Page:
Plated in the Bush
From time to time, I sit and reflect upon how spoilt for choice we South Africans are. And, sadly, most times somewhat unaware of it. What with access to the bushveld literally on our collective doorstep, today’s bush itinerary could very well include a sighting of elephants grazing at dawn, lions at rest in the mid-morning and perhaps end with a lone cheetah perched in an old-as-time acacia tree; the African sunset a fitting backdrop to the marvel of nature. This realisation hits home even more when I observe foreign tourists’ delight at their first sighting on a game drive, often a locally-scoffed-at herd of impala.
When it comes to luxury bush travel, South Africa does it well, laying on all the bells and whistles for the eager traveller. A South African bush experience is immersive and, based on a recent conversation I had in the Timbavati with Jean, an American tourist, cathartic. So, how does one lodge-slash-camp differentiate itself from another, giving you just that experience? I think I may have found it, there in the Waterberg Mountains of the Limpopo province.
Spoiler alert: the secret ingredient is food.
From Carnage to Conversation
Whaling, which dates back to 875 AD, was initially employed by many First Nations peoples around the world as a subsistence practice. This continued until the 16th century, when whaling began to spread more intensively. The heyday of whaling, from the 17th century to the early-to-mid 20th century, was marked by a feverish sense of bonhomie for the supposed limitless supply of these majestic mammals. But, as with most things that appear too good to be true, the industry was to learn that no supply is ever truly limitless.
South Africa was a significant player in the whaling industry back in the day, primarily due to its location along several what would in later years come to be known as whale super highways, as the migratory route of mammals such as humpbacks led them to the warmer waters of the Indian Ocean to feed and calf. The first shore-based whaling station in South Africa was set up in Table Bay in 1792 and would usher in a remarkable period that would see the industry grow to 14 such stations, with a run lasting until 1975. The industry thrived as various species of whales were decimated.
The Art of Slow Living
The trusty old Land Rover, resplendent in her pastel green hue, shuttled me onto the farm that Friday morning, leaving my car and civilisation behind at the Nirox Sculpture Park. It was a marvellous feeling, seemingly an unshackling from the dictates of a daily routine that felt ill-equipped to serve any further good, juxtaposed with the unexpected melodic ensemble of creaks and groans. The ten-minute drive offered space for reflection, something I would later learn would become a regular feature of my stay at Farmhouse 58 in the Cradle of Humankind.
The winds of change were gathering momentum in my life, nagging little clues being dropped at indeterminable intervals as my days played out. While travelling and exploring are my passions, the pursuit thereof does not a healthy lifestyle make. A never-ending array of deadlines, partaking in some of the best gastronomic offerings available (and the fruits of the vine that pair so well with them) and my dislike for exercise all jumbled up to serve up what some would call a ticking timebomb.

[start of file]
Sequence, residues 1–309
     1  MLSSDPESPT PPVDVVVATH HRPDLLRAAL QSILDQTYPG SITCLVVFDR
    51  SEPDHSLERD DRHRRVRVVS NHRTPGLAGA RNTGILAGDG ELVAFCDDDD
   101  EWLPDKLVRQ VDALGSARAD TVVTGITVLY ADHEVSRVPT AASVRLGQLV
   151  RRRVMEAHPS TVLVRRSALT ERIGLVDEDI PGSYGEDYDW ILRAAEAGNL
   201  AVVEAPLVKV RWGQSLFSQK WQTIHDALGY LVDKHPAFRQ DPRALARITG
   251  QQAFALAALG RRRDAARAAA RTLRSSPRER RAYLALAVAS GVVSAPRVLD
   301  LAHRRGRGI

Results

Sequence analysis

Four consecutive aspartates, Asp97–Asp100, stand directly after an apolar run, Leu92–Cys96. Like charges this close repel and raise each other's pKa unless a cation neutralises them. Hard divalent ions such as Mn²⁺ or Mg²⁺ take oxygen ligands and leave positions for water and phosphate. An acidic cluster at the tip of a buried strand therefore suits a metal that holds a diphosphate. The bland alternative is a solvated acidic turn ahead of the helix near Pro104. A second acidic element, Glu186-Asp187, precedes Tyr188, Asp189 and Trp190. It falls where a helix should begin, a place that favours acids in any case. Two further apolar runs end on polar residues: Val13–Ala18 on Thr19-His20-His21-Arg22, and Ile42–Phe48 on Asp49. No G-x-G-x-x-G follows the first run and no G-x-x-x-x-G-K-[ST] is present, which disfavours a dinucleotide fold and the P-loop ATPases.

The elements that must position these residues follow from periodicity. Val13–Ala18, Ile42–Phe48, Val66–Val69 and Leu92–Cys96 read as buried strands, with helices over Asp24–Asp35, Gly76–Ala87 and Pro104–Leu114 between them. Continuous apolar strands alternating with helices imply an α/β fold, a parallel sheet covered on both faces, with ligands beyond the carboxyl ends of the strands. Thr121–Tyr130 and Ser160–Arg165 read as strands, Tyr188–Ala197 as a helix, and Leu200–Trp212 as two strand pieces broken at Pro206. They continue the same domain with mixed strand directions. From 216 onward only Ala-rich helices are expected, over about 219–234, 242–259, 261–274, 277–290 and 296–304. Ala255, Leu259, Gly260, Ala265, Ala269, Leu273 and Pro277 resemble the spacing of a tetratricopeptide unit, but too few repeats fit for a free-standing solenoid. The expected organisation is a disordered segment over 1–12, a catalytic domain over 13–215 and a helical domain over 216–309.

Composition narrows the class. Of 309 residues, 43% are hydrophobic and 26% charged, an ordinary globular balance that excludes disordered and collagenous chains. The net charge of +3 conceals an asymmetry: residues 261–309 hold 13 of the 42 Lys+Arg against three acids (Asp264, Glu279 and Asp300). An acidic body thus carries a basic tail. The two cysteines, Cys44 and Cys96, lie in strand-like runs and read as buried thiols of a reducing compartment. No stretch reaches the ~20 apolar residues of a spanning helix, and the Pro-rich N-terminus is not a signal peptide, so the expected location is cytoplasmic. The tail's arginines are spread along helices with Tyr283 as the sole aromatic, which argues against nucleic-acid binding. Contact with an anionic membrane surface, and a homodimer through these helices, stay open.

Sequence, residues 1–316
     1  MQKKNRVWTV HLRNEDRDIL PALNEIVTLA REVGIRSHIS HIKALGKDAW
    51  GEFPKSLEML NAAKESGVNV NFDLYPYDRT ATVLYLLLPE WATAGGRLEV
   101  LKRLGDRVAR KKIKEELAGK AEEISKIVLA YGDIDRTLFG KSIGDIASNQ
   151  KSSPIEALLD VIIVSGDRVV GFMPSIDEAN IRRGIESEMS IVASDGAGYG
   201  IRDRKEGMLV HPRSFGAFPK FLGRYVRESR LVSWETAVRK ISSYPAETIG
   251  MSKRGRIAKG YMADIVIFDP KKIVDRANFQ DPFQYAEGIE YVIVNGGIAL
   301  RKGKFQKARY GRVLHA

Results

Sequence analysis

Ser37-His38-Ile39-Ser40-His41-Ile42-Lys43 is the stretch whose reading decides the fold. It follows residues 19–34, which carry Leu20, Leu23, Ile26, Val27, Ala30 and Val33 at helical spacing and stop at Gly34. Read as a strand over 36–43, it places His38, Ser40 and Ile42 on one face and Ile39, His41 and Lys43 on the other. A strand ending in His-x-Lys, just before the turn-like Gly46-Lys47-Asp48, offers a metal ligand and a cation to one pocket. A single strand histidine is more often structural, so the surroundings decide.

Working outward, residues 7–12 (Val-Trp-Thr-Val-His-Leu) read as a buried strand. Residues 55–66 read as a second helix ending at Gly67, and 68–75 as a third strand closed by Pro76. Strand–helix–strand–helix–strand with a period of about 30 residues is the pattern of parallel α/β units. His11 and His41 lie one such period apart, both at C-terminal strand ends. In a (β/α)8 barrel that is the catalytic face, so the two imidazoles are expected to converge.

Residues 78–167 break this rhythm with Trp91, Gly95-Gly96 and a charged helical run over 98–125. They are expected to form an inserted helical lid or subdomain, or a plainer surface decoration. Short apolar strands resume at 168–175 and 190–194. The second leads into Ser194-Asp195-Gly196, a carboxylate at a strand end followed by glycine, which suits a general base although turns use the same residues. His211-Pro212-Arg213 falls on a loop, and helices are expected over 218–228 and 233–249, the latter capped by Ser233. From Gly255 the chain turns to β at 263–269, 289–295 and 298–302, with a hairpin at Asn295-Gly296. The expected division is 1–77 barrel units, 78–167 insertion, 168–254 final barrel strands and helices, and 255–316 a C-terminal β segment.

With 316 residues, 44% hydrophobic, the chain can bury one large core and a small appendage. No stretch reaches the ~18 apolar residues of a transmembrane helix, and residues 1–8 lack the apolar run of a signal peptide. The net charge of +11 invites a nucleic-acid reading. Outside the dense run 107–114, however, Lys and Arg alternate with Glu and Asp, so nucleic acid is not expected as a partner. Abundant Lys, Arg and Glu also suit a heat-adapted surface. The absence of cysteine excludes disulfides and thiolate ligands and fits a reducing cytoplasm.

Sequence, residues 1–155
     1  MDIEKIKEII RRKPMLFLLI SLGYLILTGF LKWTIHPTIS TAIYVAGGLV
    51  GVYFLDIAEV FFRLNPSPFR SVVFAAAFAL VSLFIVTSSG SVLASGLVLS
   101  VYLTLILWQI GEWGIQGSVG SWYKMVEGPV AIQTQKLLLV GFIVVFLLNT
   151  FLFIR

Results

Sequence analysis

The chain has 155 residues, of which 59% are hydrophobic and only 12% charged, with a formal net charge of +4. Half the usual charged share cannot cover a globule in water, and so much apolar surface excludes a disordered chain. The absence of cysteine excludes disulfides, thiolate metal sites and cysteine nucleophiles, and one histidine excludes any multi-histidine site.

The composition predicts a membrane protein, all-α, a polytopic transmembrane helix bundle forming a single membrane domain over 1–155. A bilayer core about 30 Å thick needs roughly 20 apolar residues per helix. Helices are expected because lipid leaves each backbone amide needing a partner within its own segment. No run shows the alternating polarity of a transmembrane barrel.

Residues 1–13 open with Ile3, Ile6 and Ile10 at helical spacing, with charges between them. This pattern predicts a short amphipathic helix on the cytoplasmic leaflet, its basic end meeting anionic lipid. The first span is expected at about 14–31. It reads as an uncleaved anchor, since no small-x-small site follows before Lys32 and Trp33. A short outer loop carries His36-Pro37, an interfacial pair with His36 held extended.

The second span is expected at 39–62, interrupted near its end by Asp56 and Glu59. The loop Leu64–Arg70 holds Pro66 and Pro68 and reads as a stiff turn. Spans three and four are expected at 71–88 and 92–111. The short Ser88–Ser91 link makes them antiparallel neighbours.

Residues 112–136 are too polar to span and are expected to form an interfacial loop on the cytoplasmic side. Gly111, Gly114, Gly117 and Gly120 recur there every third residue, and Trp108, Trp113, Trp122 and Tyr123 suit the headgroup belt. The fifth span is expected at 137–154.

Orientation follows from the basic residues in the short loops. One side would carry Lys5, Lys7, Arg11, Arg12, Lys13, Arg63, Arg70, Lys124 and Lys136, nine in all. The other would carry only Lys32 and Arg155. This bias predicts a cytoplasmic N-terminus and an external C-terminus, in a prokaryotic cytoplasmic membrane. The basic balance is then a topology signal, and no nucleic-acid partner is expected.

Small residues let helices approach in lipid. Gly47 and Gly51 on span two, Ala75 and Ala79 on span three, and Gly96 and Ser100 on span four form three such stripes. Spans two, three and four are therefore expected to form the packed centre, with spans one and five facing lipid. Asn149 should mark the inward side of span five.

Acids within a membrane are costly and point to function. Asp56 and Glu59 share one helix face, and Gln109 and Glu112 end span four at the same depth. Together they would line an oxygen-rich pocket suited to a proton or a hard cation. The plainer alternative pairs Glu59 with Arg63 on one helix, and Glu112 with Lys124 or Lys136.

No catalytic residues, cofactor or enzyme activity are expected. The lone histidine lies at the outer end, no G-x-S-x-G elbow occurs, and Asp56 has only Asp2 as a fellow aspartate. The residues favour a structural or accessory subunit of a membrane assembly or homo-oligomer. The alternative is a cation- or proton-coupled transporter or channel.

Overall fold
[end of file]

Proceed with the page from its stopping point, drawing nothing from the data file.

Meet me at the Royal
Since I was a fledgling fifteen-year-old, South Africa’s royal hotels have always caught my attention. But only in a somewhat vague, peripheral sense. What was this phenomenon I kept seeing on family travels around the country, from one small town to the next?
Until 2020 I had never actually stepped inside a royal hotel. They had always been places I had driven past, yet only actually ever thought about after leaving town, my mind at the time pre-occupied with the latest travel assignment and its looming deadline. What made these hotels royal, and did it entail a link to one of the royal houses? It was time to put this matter to rest, for once and for all, at least in my mind.
What the hills of Zululand whispered
South African’s have a fascination with royalty. Type this search term into your streaming service of choice and you are bound to be delighted with a vast array of movies and documentaries dedicated to this niche genre. But strangely, rather limited public interest is shown in royal lines from within our very own borders. In particular, the kings who reigned over the hills of Zululand.
Located in northern KwaZulu Natal, Zululand is a place of striking contrasts and home to a 19th-century Zulu kingdom where King Shaka built the Zulu nation, ruling from 1816 – 1828. Kings Dingane, Mpande and Cetshwayo continued to build on Shaka’s nation-building efforts until 1879, defending the land against both British and Boer interests. With this remarkable lineage in mind, I head for Zululand, with a particular interest in King Cetshwayo, descended from a long line of kings and the leader of the Zulu nation during the Anglo Zulu War of 1879.